“Green” is the new buzzword. Have you noticed? Corporations, cars, movie stars…they’re all going “green.” Personally, I think it’s a great idea — especially in America, where the “throw-away” culture is the world’s worst.
I hadn’t realized exactly how many things are recyclable until I read a feature by the Weather Channel called Forecast Earth. I mean, I recycle my aluminum cans, newspapers, plastic bottles and jugs, cardboard boxes and glass jars/bottles, but this article really widens the spectrum.
How about big pieces of machinery that no longer work? Strip down a machine of its metal and copper parts and take it to a recycling or salvage place. You’ll make money. A student of mine just made $600 doing it. Really. Ask him (Kevin P.). All it takes is time and the conveyance to get it to the recycling center. If you live in north central Ohio, there are several.
Every time I see someone throw away a Gatorade or water bottle, I cringe. I really really want to reach into the garbage can and take it home with me. But then my students would really know I was a wackjob. Can’t have that. And speaking of bottled water, if you loved me, you’d do this:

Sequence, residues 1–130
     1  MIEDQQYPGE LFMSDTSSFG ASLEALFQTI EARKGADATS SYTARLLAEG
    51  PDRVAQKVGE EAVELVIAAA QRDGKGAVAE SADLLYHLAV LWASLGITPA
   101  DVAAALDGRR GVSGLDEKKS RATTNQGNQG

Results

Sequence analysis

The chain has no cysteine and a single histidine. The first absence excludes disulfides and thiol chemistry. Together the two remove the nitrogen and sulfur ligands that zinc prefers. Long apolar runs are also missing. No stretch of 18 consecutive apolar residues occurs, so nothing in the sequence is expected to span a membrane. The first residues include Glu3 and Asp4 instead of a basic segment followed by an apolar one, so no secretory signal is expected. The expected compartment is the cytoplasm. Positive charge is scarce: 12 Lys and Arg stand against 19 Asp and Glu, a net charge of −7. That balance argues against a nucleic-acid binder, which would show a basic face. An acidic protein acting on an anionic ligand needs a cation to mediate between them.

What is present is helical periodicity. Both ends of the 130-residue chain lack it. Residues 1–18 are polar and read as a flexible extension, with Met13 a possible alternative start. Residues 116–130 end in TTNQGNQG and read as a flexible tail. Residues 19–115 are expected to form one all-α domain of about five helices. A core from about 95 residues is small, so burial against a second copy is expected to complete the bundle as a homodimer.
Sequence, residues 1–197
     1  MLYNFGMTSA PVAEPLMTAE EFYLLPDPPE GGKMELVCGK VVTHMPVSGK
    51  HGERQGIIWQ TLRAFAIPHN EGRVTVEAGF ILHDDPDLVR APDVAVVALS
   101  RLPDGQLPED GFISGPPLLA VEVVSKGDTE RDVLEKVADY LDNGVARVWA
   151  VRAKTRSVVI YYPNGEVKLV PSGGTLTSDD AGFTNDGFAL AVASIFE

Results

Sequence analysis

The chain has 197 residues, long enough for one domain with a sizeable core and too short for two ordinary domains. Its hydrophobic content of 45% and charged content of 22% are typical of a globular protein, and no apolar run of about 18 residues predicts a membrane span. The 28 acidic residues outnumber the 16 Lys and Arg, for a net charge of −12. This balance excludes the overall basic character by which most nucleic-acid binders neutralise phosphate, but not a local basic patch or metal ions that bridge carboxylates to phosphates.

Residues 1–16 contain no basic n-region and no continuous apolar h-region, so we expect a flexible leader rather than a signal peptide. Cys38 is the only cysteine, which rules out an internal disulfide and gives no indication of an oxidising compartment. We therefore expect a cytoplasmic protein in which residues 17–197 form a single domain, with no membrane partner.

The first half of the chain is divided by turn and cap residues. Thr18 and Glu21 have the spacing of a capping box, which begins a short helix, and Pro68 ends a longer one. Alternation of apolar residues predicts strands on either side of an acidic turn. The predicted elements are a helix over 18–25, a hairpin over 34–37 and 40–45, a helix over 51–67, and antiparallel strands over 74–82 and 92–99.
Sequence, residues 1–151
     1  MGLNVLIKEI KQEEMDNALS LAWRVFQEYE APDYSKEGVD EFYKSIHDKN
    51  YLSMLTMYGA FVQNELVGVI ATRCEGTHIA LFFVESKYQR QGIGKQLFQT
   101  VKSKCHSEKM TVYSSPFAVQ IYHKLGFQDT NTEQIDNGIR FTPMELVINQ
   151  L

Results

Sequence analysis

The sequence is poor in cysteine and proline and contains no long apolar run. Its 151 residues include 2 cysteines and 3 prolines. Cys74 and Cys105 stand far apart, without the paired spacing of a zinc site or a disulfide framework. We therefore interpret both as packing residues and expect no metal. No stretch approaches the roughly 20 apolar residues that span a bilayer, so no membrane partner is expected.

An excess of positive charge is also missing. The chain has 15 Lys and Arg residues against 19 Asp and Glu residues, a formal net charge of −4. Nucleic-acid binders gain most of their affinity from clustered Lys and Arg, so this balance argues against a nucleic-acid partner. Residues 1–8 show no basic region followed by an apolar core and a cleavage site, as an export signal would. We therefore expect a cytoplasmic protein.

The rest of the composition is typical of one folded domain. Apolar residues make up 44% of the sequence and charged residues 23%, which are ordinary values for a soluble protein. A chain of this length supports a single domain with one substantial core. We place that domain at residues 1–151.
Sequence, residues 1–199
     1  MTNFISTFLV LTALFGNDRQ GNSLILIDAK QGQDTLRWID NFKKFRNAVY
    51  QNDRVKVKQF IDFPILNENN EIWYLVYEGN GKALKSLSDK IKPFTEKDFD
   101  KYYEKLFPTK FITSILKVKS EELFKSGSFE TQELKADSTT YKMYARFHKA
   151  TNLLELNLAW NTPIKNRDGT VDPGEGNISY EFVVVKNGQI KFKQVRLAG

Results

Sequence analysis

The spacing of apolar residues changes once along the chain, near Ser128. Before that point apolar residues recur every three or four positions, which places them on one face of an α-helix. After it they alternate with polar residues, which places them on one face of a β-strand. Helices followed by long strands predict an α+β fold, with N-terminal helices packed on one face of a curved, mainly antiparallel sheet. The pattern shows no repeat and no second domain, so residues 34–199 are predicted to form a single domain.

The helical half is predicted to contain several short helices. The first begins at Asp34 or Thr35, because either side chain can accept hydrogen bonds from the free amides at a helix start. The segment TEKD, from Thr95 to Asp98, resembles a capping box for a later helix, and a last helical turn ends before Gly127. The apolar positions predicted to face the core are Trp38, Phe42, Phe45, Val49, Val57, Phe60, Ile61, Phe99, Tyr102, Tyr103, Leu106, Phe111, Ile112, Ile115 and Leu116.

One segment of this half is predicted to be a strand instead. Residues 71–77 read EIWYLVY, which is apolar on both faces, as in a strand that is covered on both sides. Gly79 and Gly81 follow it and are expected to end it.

If you absolutely must have bottled water, buy one case of it. Then, wash out, dry, and save the bottles and caps, and buy a huge, water-cooler-sized jug of purified water. Refill your bottles from that, or even from your kitchen sink, as most communities have tap water that is fine to drink.
[There is even research that suggests that some of the plastic water bottles we buy and reuse are not safe. A google on unsafe water bottles reveals much. No wonder everyone has cancer.]
The thing about recycling is that in order to use recycled materials, people have to actually recycle what they use. Don’t throw away your Gatorade bottles or green bean cans. Do your part. You might think it’s small — which it is — but many parts make up the whole.
I could go on and on about this subject, and maybe I will some other day. But that’s all for now. Now go and root through your garbage.